South Africa has a comprehensive legal framework that provides for an integrated child protection system including early intervention and therapeutic services. However, little is known about how abused and neglected children experience the child protection system and the extent to which national child protection protocols are followed by social workers and police officials. The Child Abuse Tracking Study provides insight into how child protection investigations are conducted, the length of time they take, the level of inter-agency collaboration and how many children received early intervention or therapeutic services. In five sites in the Eastern Cape and KwaZulu Natal.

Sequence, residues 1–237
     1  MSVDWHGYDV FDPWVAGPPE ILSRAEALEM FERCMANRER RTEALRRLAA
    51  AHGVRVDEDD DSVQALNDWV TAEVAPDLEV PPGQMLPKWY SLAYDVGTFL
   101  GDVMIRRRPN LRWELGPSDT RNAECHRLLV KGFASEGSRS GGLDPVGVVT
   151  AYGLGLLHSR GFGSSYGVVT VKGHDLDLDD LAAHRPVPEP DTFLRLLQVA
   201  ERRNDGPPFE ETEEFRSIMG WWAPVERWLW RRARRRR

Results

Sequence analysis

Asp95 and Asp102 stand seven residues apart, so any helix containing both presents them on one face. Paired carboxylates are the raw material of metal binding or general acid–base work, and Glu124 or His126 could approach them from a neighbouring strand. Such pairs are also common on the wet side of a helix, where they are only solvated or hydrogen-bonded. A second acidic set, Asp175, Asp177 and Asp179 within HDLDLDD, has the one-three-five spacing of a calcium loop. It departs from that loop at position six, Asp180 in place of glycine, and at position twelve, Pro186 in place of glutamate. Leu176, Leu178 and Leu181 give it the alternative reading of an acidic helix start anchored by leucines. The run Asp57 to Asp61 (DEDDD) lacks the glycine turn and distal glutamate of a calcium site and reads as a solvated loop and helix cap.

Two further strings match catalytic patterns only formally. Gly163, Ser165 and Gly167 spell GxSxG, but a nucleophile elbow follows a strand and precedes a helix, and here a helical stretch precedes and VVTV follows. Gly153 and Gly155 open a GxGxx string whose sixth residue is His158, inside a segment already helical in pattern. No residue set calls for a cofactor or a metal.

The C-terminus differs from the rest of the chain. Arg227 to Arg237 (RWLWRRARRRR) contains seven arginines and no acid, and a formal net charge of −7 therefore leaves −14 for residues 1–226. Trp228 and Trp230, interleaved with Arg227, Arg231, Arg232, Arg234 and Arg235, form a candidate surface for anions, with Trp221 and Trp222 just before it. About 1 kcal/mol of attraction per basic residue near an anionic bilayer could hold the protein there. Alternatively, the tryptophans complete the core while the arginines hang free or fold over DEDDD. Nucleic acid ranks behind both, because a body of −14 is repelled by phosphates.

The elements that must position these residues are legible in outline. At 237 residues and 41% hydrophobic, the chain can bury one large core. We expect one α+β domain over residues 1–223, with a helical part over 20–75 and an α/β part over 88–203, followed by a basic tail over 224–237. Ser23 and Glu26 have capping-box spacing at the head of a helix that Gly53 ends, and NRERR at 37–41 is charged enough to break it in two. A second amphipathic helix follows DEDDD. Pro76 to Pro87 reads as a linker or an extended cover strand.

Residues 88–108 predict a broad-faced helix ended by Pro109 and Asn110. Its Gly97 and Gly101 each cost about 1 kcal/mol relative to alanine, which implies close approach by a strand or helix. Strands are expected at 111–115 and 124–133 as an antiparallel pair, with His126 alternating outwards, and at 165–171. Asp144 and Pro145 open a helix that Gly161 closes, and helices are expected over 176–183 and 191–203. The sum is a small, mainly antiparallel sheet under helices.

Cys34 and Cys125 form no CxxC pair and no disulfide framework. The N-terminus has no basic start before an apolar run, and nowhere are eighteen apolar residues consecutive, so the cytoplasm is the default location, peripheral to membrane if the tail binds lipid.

The study is retrospective and descriptive and uses a mixture of quantitative and qualitative methods. It tracked 258 reported cases within child protection agencies to determine how cases were managed, whether cases were completed (for example, court outcomes or support services delivered), how cases were documented, and the level of inter-agency collaboration. The work commenced in 2013 with a pilot study in Mitchells Plain in the Western Cape to test the methodology, and data collection was completed in 2016.
The report documents practice and makes recommendations about how child protection services could be improved, how services to children and families could be strengthened and the risk of trauma to children reduced. The research report can be downloaded here:
The project was supported by the DG Murray Trust and the RAITH Foundation.